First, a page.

The reaction are (taken from http://web.lemoyne.edu/~giunta/chm151L/bleach.html):
OCl- + 2 I- + 2 H3O+ --> I2 + Cl- + 3 H2O
I2 + 2 S2O32- --> 2 I- + S4O62-
Therefore, my 0.02M Na2S2O3 solution would titrate 1:1 with bleach that was 0.01 molar (which would be 1 molar originally, since I diluted it 99:1).

I titrated by adding Na2S2O3 carefully until all iodine color disapeared. I found that for 100 drops of the bleach solution, I only needed 13 drops of the Na2S2O3 solution. Therefore, my old swimming pool chlorinator is only 0.13M. The calculated concentration of NaOCl is then 0.13 * (23 + 16 + 35) / 1000 = 9.6g per liter = 0.96%.

This did not seem right. So I titrated some new bleach which was supposed to be 6% NaOCl. My titration showed it as 5.5% NaOCl. Probably close enough since the 6% it left the factory with would be a maximum.

So then, how could I have gotten 2.5% by testing the swimming pool chlorinator solution with the pool test for free chlorine? Apparently, "free chlorine", when testing swimming pools, means something a bit different than the chemistry definition. Apparently it really means "free sodium hypochlorite". When I calculated 12 parts per thousand using the test strips, this was not the amount of chlorine but the amount of sodium hypochlorite. That agrees pretty closely with the 0.96% I got by titration, given the difficulty in reading the exact value based on color.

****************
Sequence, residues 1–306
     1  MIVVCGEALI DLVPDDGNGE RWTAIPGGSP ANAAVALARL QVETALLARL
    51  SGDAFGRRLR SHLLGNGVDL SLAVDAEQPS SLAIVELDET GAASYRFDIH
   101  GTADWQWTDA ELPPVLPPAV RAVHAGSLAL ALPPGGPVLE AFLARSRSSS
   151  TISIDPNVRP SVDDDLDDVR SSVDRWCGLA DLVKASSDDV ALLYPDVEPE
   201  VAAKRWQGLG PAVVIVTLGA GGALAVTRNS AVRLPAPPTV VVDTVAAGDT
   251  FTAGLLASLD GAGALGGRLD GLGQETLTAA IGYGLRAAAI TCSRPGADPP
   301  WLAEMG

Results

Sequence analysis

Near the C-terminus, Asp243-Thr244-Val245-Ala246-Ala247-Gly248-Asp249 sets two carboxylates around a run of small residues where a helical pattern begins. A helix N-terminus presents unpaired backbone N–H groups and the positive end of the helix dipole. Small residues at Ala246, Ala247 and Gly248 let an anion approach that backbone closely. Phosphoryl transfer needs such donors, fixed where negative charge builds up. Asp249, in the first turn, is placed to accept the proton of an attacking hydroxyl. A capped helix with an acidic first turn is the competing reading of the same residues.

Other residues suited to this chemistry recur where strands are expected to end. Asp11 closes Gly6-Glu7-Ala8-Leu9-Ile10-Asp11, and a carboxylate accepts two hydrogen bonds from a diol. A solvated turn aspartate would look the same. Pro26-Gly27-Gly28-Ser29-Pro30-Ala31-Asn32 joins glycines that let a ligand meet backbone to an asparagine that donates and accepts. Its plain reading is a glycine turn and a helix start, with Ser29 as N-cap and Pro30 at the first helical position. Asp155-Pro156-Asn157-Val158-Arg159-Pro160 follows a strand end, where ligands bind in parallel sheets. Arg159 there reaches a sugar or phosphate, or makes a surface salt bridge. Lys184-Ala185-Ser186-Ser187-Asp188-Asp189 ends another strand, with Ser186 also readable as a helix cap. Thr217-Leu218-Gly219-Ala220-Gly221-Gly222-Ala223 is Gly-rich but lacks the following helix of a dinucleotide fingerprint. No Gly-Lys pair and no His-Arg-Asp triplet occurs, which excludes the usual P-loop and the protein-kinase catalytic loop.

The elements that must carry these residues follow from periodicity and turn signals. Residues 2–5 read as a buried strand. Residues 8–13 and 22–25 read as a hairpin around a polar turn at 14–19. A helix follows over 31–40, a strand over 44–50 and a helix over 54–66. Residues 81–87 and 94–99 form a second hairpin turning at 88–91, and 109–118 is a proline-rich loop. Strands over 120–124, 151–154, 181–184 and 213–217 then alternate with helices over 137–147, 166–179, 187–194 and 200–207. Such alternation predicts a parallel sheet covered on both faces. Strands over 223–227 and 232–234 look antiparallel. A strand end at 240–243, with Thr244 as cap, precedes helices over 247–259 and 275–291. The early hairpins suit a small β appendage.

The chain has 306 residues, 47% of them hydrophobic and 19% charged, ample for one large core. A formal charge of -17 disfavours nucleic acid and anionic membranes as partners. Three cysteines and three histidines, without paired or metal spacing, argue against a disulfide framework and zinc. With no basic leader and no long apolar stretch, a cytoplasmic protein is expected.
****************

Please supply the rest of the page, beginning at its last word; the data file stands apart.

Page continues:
Its really strange that "available chlorine" would really mean "total sodium hypochlorite". However, I see another item of evidence for this. To test for available bromine instead of available chlorine you are supposed to multiply the values by 2. If it was only testing the amount of OCl-, or OBr-, this would not be necessary.

Hodges